Toronto, ON (January 12, 2016) – Low interest rates, coupled with population growth and solid economic fundamentals, contributed to a 214 per cent increase in average residential housing values in the Greater Toronto Area (GTA) over almost two--decades, according to RE/MAX Hallmark Ltd., one of country’s largest real estate franchises.
The GTA housing market is now entering its 20th year of consecutive price appreciation, on the heels of a record--breaking 2015. The market has reported a steady increase in values since 1996, when the cost of an average home in the GTA hovered at $198,150. Average price broke through the $600,000 benchmark in 2015, settling at $622,217 – an increase of 6.21 per cent when compounded annually over the 19--year period.
“The overall strength and stability of Toronto’s housing market is a global anomaly,” says Ken McLachlan, Broker--Owner, RE/MAX Hallmark Ltd. “Very few large residential housing markets can compete with the GTA’s performance over the past two decades”
When analyzing the level of growth in the Greater Toronto Area, population played a serious role. In 2014, the Toronto CMA topped six million (6,055,724), a figure eight per cent higher than the 2011 Census population of 5,583,064 and a substantial 42 per cent uptick over the 1996 Census figure of 4,263,757.
The low interest rate environment has also influenced home buying activity in the GTA. While the average residential mortgage--lending rate for a five--year term hovered at approximately eight per cent in 1996, the same product can be had for under three per cent in today’s competitive market.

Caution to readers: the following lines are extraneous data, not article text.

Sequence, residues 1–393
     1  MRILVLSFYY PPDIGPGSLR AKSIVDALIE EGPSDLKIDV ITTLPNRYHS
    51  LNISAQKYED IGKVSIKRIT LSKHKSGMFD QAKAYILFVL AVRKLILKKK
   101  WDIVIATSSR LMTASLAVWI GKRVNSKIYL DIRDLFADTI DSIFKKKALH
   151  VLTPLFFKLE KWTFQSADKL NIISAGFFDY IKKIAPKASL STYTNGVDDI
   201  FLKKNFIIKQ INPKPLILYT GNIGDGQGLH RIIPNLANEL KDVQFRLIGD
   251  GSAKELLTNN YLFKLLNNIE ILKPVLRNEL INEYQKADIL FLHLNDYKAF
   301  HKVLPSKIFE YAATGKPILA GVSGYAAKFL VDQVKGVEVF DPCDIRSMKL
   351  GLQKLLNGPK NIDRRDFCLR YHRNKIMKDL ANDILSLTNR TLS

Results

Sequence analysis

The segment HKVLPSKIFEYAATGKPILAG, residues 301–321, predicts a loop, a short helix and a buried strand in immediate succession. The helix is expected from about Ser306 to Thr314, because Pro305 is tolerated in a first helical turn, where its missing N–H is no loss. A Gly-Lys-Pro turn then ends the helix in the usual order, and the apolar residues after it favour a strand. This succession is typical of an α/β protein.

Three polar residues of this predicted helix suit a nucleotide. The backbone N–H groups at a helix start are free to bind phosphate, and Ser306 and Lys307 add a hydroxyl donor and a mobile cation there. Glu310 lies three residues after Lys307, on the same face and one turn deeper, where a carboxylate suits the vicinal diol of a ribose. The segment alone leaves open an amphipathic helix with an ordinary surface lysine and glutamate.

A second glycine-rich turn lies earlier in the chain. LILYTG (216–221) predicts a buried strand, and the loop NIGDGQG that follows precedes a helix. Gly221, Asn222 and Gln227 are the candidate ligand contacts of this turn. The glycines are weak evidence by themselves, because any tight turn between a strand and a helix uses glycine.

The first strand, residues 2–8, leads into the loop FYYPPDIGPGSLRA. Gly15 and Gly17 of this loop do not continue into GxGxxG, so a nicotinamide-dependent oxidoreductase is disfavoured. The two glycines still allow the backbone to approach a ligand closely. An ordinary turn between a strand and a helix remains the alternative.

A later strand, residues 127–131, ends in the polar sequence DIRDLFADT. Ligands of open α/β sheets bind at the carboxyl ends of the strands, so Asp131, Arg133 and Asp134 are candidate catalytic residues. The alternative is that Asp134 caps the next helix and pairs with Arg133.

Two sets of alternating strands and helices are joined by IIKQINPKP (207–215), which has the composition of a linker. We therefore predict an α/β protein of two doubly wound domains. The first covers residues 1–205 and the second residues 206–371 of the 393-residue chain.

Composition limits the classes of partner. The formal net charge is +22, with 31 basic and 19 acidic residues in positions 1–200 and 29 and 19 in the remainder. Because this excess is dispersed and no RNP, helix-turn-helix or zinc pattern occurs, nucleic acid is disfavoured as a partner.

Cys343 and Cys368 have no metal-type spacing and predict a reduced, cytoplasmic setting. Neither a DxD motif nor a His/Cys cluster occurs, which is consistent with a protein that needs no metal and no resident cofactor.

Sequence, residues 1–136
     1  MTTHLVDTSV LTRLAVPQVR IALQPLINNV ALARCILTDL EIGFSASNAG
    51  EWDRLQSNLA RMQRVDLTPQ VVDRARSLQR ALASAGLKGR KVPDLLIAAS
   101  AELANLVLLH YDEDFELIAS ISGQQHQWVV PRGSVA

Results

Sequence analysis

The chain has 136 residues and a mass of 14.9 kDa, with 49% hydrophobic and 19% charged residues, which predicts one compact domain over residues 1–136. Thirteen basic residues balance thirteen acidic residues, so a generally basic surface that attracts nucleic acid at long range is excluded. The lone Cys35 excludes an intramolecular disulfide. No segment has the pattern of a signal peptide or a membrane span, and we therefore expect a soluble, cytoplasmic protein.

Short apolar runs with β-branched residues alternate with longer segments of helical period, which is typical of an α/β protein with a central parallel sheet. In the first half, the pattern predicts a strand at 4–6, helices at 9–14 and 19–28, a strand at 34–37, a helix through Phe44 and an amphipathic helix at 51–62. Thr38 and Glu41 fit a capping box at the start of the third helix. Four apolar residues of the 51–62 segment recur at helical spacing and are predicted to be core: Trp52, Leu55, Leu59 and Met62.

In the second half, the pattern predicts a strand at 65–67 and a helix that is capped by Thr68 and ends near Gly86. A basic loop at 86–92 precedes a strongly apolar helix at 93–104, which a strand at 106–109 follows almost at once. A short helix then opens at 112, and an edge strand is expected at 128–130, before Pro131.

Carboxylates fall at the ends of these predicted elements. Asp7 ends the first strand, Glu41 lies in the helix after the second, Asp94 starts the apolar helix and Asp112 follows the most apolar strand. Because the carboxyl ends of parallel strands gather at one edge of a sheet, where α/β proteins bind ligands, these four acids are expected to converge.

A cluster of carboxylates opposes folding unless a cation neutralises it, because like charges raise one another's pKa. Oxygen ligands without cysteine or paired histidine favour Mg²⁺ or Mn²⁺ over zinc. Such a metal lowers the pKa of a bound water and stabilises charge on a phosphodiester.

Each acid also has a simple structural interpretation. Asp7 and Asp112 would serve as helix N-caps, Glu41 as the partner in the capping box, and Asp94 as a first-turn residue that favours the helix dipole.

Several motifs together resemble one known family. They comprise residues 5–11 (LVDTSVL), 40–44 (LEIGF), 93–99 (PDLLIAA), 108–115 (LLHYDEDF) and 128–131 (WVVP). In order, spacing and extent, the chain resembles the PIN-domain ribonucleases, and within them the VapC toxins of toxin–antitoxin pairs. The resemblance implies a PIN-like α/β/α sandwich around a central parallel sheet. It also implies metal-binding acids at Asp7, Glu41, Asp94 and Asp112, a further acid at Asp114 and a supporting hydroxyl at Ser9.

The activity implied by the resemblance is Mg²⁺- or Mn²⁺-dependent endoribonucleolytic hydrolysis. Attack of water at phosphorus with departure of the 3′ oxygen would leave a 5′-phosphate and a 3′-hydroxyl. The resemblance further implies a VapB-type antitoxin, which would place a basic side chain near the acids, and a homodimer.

Homeownership rates have also steadily increased in the GTA, in spite of rising values. Between 1996 and 2006, the level of ownership jumped approximately 10 per cent in the GTA (58.4 per cent to 67.6 per cent). The most recent available rates for the province of Ontario sat at 71.4 per cent in 2011.
Given the turbulence the GTA market has withstood –recessions, 9/11, and SARS, just to name a few – the performance is “nothing short of remarkable”, explains McLachlan.
“Moving forward, there is no reason to expect the upward trend to end,” says McLachlan. “In light of recent volatility in the stock market and overall economic uncertainty, we anticipate an upswing in home buying activity as investors look to tangible assets like bricks and mortar to ride out the storm. The strength of the US dollar will also contribute, serving as an impetus for greater investment in the Greater Toronto Area throughout 2016.”